Eldar Armoured Vehicles

This is an Eldar Falcon Grav Tank on display at Warhammer World.

Eldar Falcon Grav Tank

The Falcon is the primary battle tank of the Eldar army, its curved silhouette a familiar but much-dreaded sight to their enemies. The Falcon has a twin role upon the field of battle. It has a passenger compartment enabling it to carry a small squad of fighters to the battle front or rescue a beleaguered unit when resistance proves too fierce. It also carries a lethal assortment of heavy weaponry, and advanced targeters that allow it to fire devastating salvos while on the move.

One variant of the Eldar Falcon Grav Tank is the Fire Prism Grav Tank. Unlike the lumpen and unlovely battle tanks of other races, the Fire Prism is graceful and swift. Despite its aesthetic qualities, the Fire Prism sacrifices none of the killing power associated with heavy armour, and its prism cannon is the bane of the heavy battle tanks of the crude races.

The main armament of the Fire Prism is an extremely unusual device that uses a two-stage firing process. A medium-magnitude laser is discharged into a massive crystal prism that greatly amplifies the potency of the shot in a fraction of a second. This energy can be discharged in a focused beam capable of blasting through the thickest armour. Or, it can be dispersed to slay entire squads of enemy infantry. Most unusual of all, sophisticated tracking arrays allow this technological wonder to channel its firepower through the prismatic lens of another prism cannon, forming one all-powerful laser blast that can obliterate any target.

See more photographs of Eldar vehicles including a Falcon Grav Tank Miniatures Gallery and the Fire Prism Grav Tank Miniatures Gallery.

 

British Armoured Train

Twelve armoured trains were formed in Britain in 1940 as part of the preparations to face a German invasion; these were initially armed with QF 6 pounder 6 cwt Hotchkiss guns and six Bren Guns. They were operated by Royal Engineer crews and manned by Royal Armoured Corps troops. In late 1940 preparations began to hand the trains over to the Polish Army in the West, who operated them until 1942.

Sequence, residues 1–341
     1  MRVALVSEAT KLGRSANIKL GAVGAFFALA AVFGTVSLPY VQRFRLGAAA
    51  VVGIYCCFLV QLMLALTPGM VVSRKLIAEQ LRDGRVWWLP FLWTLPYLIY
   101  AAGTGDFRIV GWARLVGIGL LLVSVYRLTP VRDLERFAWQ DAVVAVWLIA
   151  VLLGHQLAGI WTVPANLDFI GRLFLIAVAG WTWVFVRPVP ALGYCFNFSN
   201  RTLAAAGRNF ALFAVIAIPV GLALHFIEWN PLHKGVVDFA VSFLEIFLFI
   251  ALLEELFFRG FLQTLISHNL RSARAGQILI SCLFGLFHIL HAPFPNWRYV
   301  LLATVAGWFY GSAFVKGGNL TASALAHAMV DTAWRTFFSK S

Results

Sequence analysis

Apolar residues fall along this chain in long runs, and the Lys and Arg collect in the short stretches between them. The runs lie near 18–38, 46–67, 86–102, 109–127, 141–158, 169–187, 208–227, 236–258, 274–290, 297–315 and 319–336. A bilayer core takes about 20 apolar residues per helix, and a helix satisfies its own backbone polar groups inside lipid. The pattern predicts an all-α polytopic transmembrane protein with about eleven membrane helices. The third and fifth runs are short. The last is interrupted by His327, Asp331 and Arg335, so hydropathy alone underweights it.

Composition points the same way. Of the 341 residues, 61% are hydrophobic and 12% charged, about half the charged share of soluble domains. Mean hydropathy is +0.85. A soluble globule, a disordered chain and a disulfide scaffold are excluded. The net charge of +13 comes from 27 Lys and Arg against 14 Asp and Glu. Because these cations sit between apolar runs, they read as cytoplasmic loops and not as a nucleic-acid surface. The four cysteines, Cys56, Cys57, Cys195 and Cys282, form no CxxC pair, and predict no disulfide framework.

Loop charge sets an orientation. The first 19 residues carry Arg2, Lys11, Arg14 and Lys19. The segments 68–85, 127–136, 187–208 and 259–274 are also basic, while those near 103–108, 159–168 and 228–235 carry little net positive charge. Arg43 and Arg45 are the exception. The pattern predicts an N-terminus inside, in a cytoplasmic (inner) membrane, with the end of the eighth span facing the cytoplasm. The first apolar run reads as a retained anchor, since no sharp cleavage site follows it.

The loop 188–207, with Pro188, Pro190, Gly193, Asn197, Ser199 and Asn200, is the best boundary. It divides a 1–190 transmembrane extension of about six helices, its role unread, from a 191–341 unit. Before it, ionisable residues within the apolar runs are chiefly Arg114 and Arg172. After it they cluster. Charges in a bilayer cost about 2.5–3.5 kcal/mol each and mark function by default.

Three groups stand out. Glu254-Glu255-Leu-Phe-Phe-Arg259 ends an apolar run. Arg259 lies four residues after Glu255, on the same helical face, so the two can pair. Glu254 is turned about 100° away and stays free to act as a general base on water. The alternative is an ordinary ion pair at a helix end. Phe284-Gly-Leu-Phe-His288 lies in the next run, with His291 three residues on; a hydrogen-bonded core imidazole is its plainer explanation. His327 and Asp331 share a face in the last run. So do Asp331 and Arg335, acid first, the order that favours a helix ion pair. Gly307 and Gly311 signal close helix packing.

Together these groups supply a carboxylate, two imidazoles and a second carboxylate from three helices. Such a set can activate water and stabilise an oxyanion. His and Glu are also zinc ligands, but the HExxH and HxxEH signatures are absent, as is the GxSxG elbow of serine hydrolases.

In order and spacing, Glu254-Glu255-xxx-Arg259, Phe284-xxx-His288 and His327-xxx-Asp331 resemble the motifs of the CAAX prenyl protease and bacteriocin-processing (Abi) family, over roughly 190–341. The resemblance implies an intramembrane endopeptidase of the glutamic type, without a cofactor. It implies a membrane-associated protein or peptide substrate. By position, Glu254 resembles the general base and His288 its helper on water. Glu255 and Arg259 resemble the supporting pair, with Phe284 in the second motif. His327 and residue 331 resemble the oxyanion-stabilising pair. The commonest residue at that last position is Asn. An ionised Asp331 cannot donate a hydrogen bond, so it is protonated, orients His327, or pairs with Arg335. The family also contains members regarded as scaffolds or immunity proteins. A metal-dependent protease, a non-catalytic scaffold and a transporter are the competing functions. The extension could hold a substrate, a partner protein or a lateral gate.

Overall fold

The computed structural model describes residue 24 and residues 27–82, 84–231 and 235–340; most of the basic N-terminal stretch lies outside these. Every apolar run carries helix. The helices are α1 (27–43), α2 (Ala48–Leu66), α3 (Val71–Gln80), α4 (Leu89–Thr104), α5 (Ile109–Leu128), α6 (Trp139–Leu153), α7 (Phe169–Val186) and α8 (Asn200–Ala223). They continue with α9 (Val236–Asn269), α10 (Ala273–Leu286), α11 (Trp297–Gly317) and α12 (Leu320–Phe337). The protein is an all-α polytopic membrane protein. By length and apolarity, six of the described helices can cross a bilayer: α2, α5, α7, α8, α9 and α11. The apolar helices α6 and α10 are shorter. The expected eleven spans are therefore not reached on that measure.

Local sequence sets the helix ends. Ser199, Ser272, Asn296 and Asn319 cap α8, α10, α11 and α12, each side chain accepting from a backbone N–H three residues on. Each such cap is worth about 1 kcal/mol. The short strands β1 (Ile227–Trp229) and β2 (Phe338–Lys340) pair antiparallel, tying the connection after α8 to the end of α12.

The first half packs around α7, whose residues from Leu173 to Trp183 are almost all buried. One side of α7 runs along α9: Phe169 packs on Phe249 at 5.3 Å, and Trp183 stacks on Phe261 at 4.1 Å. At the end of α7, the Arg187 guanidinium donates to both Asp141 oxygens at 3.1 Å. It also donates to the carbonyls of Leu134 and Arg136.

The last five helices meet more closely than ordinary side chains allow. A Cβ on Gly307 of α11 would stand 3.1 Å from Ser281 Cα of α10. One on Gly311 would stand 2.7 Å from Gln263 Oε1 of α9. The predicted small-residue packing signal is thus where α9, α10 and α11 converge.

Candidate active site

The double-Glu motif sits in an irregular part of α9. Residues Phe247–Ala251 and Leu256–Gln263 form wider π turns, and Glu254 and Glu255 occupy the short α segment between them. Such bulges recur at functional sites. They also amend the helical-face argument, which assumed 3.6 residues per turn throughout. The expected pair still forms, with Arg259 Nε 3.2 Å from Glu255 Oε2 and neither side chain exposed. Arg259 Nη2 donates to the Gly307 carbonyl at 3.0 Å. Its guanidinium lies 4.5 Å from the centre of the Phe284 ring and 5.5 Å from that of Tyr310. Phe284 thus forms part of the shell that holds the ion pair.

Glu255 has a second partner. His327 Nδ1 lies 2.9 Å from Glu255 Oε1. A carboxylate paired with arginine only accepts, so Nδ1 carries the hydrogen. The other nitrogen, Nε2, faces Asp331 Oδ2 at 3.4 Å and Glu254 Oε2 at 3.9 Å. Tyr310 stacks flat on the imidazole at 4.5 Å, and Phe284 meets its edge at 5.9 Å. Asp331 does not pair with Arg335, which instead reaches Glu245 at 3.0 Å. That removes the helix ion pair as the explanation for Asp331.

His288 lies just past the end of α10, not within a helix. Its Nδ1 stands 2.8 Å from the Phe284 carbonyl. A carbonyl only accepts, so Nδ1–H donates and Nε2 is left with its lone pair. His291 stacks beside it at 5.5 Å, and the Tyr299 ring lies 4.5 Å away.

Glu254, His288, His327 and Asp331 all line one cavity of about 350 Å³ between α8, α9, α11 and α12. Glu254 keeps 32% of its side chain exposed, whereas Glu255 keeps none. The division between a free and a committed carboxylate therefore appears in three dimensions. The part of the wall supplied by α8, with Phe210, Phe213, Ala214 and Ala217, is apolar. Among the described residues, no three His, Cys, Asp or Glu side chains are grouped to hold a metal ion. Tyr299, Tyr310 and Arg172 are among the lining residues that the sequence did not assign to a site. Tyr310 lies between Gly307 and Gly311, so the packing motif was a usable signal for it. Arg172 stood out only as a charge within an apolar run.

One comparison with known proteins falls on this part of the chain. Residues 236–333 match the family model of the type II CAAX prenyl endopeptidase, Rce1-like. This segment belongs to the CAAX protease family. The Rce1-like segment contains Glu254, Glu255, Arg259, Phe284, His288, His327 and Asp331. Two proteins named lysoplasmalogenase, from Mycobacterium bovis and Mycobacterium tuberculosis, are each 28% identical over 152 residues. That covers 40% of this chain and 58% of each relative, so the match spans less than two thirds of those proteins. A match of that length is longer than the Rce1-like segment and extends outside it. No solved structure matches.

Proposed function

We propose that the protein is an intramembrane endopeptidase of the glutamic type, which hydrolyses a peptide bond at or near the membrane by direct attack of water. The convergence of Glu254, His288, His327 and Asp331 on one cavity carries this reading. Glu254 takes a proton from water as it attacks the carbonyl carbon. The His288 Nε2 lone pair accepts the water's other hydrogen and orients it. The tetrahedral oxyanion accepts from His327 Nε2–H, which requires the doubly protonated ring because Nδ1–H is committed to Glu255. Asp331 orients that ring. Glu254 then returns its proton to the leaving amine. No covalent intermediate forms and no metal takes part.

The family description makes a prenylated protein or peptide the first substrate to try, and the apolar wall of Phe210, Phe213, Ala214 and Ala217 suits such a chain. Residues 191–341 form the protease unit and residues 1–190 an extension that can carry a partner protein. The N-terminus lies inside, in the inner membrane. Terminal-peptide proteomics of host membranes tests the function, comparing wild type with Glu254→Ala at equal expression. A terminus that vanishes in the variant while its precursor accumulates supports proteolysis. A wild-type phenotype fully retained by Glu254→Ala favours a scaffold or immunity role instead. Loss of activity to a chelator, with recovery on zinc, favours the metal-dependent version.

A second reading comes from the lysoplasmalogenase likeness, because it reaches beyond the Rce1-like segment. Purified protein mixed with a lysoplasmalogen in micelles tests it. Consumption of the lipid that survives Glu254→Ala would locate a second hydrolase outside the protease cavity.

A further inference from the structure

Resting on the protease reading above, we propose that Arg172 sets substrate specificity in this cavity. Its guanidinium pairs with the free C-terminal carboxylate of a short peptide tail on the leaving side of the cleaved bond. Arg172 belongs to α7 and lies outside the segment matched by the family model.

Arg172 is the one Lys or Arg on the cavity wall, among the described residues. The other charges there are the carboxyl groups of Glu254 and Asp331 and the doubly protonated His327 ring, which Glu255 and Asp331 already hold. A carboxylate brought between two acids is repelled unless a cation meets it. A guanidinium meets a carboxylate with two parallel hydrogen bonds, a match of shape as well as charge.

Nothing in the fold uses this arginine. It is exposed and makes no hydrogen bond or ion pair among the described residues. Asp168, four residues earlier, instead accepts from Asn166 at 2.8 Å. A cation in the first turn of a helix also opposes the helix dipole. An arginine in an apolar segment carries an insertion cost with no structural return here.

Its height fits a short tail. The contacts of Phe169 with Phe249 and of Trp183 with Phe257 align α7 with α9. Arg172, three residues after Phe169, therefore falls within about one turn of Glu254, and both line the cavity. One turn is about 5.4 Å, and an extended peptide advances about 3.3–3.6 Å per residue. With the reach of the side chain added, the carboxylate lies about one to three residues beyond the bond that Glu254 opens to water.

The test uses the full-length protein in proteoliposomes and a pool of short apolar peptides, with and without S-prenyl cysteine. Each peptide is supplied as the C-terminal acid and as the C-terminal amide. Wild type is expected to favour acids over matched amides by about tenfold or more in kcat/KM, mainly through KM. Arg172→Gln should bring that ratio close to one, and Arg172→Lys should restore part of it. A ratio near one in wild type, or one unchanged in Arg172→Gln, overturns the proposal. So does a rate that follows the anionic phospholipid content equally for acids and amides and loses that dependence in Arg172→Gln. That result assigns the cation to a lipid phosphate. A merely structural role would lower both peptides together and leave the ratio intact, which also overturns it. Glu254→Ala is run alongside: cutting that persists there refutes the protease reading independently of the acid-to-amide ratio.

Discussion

They continued in use in Scotland and were operated by the Home Guard until the last one was withdrawn in November 1944. 

A 6-pounder wagon from one of these trains is preserved at the Tank Museum.

British Armoured Train

I’ve liked the idea of a British Armoured Train for some Operation Sealion games, however the challenge has been one of scale.

I have been painting and building Home Guard forces in 15mm and 28mm, however this makes it challenging to build a British Armoured Train. Yes you can get track from Battlefront for 15mm, but trains you would need to go down the TT gauge route for models, which are mainly kits and difficult to get hold of. With 28mm Bolt Action scale models you could go down the O gauge route for track and rolling stock, but again cost can be prohibitive.

The obvious route with OO gauge works fine if you play 20mm games as they are the same scale. However I don’t want to go down the road of another scale!

I think it will have to remain a pipe dream. 

Back in 2005 I blogged some ideas about an Operation Sealion German Armoured Train.